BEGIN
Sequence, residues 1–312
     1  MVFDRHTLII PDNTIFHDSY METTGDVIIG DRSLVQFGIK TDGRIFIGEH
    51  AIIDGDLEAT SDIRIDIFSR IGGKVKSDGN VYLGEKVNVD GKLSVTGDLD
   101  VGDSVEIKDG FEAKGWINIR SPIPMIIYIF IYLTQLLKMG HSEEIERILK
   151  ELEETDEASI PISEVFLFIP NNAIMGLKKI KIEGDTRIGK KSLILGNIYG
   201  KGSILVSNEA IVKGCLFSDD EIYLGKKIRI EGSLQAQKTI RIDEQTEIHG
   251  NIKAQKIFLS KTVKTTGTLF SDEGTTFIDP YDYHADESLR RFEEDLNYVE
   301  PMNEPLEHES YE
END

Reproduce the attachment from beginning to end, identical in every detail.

Sequence, residues 1–312
     1  MVFDRHTLII PDNTIFHDSY METTGDVIIG DRSLVQFGIK TDGRIFIGEH
    51  AIIDGDLEAT SDIRIDIFSR IGGKVKSDGN VYLGEKVNVD GKLSVTGDLD
   101  VGDSVEIKDG FEAKGWINIR SPIPMIIYIF IYLTQLLKMG HSEEIERILK
   151  ELEETDEASI PISEVFLFIP NNAIMGLKKI KIEGDTRIGK KSLILGNIYG
   201  KGSILVSNEA IVKGCLFSDD EIYLGKKIRI EGSLQAQKTI RIDEQTEIHG
   251  NIKAQKIFLS KTVKTTGTLF SDEGTTFIDP YDYHADESLR RFEEDLNYVE
   301  PMNEPLEHES YE